Our agricultural sector is rapidly evolving. The last decade has brought about unprecedented changes in how we define product safety, business success, equity investment, and health & wellness. For some, change is coming too fast, and for others, not fast enough. For farmers, it’s especially challenging.
Not only are they faced with a revolution of consumer behaviors and expectations, they are also under increasing pressure to produce more with less, of higher quality and greater abundance, with less labor and greater accountability. Everyone eats, and every aspect of our lives is affected by agriculture.
It’s easy to become overwhelmed by the scope of the change. Consumer demands are vocal and broadcast in full color on social media. Promises of social equity and community reinvestment, for farmers and eaters both, can take a long time to bear fruit. New crop markets are opening, subject to increasingly complex regulatory requirements, and it’s hard to choose the right time to enter them. Climate events continually highlight the unpredictable and hazardous nature of farming. Technology must bridge generational, educational, and governmental divides.
How we react to the change is up to us. If we choose to surrender to overwhelm or despondency, it makes it extremely hard to choose joy and optimism instead. Perhaps the complexity of the choice is itself too much, and we choose apathy or fatalism. Maybe we’re too tired to cope, and we choose to ignore the changes altogether, whistling in the dark. We might feel like the choices are being forced upon us. Sometimes, we understand that choices are forced because we chose to refuse to show up to the world and participate in defining what those choices should be.
I challenge all farmers and eaters to consider a different option. What if, instead of focusing on our maelstrom of feelings, we take a step back? What if we stop expending our emotional and intellectual resources in frustration and despair, and we just take a moment to accept reality? What does that mean?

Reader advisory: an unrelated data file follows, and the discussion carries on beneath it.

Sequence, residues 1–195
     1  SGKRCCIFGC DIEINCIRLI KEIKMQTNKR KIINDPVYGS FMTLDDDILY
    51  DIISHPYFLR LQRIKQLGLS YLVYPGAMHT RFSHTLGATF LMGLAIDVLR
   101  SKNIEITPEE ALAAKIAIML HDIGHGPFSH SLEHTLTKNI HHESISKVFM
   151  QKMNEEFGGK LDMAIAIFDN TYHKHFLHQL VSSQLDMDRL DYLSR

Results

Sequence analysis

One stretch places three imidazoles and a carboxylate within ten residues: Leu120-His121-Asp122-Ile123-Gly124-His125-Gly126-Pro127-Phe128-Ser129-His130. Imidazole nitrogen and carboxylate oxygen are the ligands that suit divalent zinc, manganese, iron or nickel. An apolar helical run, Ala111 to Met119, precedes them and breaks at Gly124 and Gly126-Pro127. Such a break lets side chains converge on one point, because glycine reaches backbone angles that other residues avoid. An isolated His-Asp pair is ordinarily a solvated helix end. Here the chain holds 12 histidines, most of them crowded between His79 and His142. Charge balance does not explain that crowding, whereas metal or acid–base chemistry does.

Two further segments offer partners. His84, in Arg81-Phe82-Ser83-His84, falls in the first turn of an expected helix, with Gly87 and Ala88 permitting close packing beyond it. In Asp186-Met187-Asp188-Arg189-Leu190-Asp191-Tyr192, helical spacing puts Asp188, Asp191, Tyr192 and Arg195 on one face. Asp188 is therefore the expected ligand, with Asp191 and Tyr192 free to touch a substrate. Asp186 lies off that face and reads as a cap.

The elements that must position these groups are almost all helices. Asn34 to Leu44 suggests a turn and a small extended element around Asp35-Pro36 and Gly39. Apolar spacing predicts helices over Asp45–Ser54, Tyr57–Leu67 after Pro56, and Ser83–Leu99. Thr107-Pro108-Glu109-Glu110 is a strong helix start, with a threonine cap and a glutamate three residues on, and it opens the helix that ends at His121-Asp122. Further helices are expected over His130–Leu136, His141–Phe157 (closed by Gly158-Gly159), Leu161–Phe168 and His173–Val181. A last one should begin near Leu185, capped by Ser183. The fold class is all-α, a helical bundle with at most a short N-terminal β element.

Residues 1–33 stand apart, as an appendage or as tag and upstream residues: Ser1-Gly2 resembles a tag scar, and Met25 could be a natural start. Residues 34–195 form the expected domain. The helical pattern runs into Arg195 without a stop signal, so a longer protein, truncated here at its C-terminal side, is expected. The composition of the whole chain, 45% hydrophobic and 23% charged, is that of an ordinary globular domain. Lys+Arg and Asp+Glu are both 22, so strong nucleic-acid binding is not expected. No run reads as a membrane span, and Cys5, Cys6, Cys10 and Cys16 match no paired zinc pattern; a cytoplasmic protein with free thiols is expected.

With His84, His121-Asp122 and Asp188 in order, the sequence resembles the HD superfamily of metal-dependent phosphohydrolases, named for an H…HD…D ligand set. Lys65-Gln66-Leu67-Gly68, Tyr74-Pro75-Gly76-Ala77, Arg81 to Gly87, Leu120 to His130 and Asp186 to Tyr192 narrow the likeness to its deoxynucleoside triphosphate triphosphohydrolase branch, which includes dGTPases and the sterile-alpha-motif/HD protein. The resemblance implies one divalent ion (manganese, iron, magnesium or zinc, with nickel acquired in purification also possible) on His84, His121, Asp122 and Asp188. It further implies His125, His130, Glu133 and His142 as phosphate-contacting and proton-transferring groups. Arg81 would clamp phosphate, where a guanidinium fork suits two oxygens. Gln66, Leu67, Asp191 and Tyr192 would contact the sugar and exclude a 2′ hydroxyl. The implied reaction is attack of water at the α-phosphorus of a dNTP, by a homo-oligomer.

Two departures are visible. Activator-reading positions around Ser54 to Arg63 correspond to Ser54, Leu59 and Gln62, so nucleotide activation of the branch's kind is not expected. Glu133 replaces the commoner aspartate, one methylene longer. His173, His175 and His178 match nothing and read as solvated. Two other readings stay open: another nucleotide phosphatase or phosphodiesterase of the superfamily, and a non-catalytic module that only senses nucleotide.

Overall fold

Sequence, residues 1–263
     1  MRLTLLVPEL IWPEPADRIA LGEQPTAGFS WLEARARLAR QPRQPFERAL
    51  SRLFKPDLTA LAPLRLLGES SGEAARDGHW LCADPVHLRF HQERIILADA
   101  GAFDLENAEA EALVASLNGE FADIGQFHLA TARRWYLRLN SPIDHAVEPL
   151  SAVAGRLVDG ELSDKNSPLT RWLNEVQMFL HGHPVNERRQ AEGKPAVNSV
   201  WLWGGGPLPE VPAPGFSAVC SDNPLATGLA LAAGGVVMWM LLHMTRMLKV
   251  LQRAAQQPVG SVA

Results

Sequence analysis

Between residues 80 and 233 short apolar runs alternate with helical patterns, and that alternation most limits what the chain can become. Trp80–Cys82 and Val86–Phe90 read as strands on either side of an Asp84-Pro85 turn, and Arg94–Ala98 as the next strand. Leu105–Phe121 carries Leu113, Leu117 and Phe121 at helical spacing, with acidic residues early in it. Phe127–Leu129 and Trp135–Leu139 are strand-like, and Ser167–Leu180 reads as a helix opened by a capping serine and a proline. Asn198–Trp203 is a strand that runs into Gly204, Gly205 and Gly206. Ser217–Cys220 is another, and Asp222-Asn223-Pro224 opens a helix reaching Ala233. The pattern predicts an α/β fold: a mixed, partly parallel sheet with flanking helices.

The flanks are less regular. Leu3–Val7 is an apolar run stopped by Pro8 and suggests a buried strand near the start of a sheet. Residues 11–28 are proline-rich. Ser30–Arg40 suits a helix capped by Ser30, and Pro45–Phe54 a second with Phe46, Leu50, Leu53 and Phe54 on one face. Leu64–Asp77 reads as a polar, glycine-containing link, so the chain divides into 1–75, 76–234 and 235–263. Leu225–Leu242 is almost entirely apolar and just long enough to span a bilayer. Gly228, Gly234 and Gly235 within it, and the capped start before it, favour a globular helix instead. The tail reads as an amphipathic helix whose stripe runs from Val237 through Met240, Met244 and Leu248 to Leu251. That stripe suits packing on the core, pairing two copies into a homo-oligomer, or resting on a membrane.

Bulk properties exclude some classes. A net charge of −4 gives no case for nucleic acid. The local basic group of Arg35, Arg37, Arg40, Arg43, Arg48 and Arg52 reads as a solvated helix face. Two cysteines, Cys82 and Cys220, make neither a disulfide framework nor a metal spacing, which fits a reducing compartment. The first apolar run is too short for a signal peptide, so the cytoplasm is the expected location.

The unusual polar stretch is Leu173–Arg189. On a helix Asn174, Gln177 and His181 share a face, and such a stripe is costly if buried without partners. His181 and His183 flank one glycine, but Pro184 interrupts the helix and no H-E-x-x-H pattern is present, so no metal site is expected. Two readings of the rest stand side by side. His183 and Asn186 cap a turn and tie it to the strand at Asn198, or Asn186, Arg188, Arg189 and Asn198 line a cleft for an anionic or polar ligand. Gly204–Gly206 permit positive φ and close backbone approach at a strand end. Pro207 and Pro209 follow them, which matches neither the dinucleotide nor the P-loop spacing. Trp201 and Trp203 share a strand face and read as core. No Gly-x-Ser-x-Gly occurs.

For farmers and agricultural entrepreneurs, it means pausing our internal commentary about our frustration with regulators, our impotent rage at the weather, our embarrassment when we don’t pass a third-party audit, our sadness at how we sacrifice our labor and our families, and our exasperation with the consumer. It means taking a moment to let our minds and thoughts get ahead of our hearts and our feelings.
It means meeting the world where it is, right now. And getting the work done.
Food and product safety is a choice that every producer and consumer makes together. We have a choice to look at product compliance as an external force acting upon the producer/consumer relationship, or, as a choice that we own and use to empower and strengthen that relationship. If an aspect of a farming operation costs the farmer money, they need to factor that into their price. If a consumer wants a superior product, they must factor that into their budget. If either party is unsatisfied with how the government is working to moderate that power exchange, then either one needs to consider how to participate meaningfully in the rule-crafting process.
At Artemis, we believe that technology can simplify the process of producing safe, accountable products efficiently and effectively. We believe that information collected, analyzed, and securely stored doesn’t just improve product outcomes or satisfy a regulation, it protects the integrity of the trust between the producer and the consumer. We believe this commitment to safety and accountability should reach beyond minimum compliance standards, and that the process of creating an accountability system shouldn’t be emotionally exhausting. We believe that staying ahead of the curve of regulatory development is critical to client success, and we work hard to collect the best resources to support them on their journey.
Let us meet you where you are.